Happiness by Design means designing for contentment

Designing for happiness is a terrible, terrible idea. And all the serious thinkers who have written about the idea know it.

Designing for happiness is a terrible, terrible idea. And all the serious thinkers who have written about the idea know it.

Of course, nobody is advocating designing for sadness, and the idea of designing for happiness certainly sounds appealing (which is why so many use it as a catchline), but the reality of human psychology makes it unsustainable. If you want to understand why, just look at today’s digital landscape: we’re trapped in a ludic loop of constantly checking for social media updates, and tripping on brief endorphin surges from Likes and other interactions.

That’s what designing for happiness looks like.

Stop it.

Design for contentment instead.

Contentment is happiness’s more productive twin

There’s a working psychological model of human happiness that suggests that happiness is, at best, a bonus. What we should be striving for is contentment — it’s more easily achievable than happiness, and much more sustainable. And, if you get it right, it makes happiness more likely.

Happiness, writes psychiatrist Sidney Bloch, is largely a product of luck:

Happiness, derived from the Norse word hap, means luck or chance; the phrase happy-go-lucky illustrates the association. Many Indo-European languages similarly conflate the feeling of happiness and luck. Glück in German, for instance, can be translated as either happiness or chance, while eftihia, the Greek word for happiness, is derived from ef, meaning good, and tixi, luck or chance.

But what of contentment?

Contentment is derived from the Latin contentus and usually translated as satisfied. No multiple meanings here to confuse us. In my view, feeling content refers to a deep-seated, abiding acceptance of one’s self and one’s worth together with a sense of self-fulfilment, meaning and purpose.

Self-fulfilment. Meaning. Purpose.

Design for meaning

Pamela Pavliscak at Next Conference

This is a familiar theme, one that NEXT17 speaker Pamela Pavliscak has often talked about:

Truly, our happiness online in many ways mirrors our happiness offline. It’s built on feelings of trust and autonomy. We want deeper and more nuanced connections to each other, our communities, and the the world. We want to challenge ourselves to grow in new ways. And we want to feel creative. I think this is a special feature of tech happiness.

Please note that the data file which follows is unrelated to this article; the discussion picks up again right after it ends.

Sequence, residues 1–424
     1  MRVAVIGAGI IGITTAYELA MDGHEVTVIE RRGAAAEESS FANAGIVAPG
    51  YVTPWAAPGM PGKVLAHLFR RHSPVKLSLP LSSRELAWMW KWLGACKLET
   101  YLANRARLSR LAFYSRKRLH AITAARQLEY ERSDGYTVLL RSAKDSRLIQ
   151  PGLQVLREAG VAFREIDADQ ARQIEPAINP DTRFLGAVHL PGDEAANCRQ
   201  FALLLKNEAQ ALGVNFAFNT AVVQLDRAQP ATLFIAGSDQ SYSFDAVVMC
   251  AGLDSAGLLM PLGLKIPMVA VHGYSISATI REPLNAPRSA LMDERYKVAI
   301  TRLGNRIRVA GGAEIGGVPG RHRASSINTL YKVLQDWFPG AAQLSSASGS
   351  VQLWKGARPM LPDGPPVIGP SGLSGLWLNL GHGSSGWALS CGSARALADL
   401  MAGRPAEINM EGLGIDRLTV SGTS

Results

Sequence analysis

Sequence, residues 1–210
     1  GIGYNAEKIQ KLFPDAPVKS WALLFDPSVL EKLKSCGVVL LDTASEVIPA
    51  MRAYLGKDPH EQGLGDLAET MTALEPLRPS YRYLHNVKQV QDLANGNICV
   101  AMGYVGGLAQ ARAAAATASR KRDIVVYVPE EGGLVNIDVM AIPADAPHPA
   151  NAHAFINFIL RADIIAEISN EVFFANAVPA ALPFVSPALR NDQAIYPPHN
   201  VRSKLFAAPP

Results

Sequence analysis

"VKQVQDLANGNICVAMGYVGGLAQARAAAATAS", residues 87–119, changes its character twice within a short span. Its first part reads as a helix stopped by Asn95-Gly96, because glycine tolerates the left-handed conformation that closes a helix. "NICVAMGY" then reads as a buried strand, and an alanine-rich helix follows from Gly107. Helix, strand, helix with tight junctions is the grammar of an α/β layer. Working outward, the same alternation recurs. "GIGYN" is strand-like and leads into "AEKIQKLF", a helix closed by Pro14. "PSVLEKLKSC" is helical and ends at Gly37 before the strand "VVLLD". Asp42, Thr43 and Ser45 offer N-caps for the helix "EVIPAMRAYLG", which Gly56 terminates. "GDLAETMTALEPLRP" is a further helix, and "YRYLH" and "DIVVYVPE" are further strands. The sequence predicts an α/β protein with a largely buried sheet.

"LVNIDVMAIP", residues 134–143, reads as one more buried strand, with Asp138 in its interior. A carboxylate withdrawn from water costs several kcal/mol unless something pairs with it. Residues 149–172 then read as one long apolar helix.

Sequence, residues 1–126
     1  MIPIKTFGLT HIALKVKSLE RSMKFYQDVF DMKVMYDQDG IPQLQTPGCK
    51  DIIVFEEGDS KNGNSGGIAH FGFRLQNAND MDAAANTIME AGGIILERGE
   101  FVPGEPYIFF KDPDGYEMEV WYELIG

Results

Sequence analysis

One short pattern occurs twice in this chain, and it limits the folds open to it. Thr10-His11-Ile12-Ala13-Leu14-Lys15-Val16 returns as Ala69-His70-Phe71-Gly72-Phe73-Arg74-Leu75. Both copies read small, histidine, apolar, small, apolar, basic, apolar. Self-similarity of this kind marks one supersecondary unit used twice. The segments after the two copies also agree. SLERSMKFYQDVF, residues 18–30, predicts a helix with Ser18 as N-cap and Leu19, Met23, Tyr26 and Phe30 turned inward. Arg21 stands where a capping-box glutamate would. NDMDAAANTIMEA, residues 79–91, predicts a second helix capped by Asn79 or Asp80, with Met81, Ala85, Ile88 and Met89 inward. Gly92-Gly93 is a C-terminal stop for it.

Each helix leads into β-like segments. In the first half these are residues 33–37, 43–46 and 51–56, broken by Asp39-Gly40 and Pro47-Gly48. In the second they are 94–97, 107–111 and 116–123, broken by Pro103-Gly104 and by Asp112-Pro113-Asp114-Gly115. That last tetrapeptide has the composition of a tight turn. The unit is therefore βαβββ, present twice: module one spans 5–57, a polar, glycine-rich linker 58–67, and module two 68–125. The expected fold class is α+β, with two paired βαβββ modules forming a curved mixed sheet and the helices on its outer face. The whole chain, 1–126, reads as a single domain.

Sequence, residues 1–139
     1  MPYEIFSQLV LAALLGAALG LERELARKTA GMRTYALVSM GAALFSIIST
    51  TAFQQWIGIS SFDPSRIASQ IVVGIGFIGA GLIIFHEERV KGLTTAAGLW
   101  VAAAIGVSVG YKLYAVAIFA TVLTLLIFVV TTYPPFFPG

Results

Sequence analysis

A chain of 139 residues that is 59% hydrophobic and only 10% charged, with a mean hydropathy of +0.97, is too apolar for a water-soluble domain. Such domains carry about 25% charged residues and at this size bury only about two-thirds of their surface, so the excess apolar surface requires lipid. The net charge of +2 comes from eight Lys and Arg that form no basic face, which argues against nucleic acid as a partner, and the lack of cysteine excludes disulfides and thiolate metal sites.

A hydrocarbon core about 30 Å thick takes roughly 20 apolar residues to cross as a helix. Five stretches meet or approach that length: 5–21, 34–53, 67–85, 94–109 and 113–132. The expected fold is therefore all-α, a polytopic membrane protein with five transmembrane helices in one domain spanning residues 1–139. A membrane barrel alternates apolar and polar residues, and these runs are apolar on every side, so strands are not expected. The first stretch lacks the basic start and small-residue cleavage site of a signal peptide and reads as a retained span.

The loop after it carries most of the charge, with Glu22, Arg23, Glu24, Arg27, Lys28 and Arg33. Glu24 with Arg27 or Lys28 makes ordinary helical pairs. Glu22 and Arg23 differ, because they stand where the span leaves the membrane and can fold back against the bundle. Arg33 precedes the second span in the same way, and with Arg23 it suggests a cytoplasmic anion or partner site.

It brings to mind Steve Jobs’s classic quote; that a computer is a bicycle for the mind. If we’re just turning it into a more addictive form of television, we’re wasting the potential inherent in these devices.

Facebook can be an incredibly powerful tool for maintaining, renewing and developing connections with others. Its potential is being eroded by the fact that fewer and fewer people trust Facebook.

Design for happiness is designing for autonomy and agency:

  • Let people decide what they want to do
  • Help them do it.

There’s a real danger that we’re developing tools that remove autonomy and agency, though an algorithmic attempt to make our digital products more compelling. What we end up doing is:

  • Deciding what people should want to do
  • Substantially doing it for them

At some point – perhaps very early in their life — too many social networks became vast machines for harvesting our social data, rather than tools for facilitating connection. We’re not even allowed agency: the almighty algorithm chooses what we see, and we’re not given the controls to tweak that to our explicit desires, rather than our own implicit existing choices.

If we rewind a decade or so, many of the pre-social media hits were about facilitating creation: blogging, Flickr and YouTube. They opened the door to enhance your creativity by spreading it, and they were parallel by tools that allowed you to create that media: digital photography and videography, and the software tools to edit them.

Too much of the latest wave of technology has been merely about removing annoyances from life, rather than truly enhancing it. Yes, taxis are now much easier to obtain, and you can get a take-away without leaving the couch, but these are still just facilitated consumerism.

From consumption to creativity

How can we reset our views on creativity?

It’s not an easy task. One company that has been deeply involved in trying to facilitate human creativity and experience is in financial difficulties — and may have misjudged its market. But that doesn’t mean that this isn’t worth exploring.

A product that makes us genuinely better at the things that make human existence feel fulfilling is one that can have a deep connection with its users, without resorting to tricks. And that form of deep connection is something you can build a sustainable business on.

As Pavliscak puts it:

In short, happiness is about amplifying human abilities, fostering new and deep connections, and challenging ourselves to grow. The best experience with technology open up these possibilities.

So, stop trying to think about making people’s live’s easier: think about making those lives richer. Richer in terms of experience, or productivity, or achievement. And then ruthlessly optimise your product to help them do just that.

Do that, and you just might build a product people love, trust and keep coming back to without having to be hooked on an endorphin rush to do so. That is the true face of designing for happiness.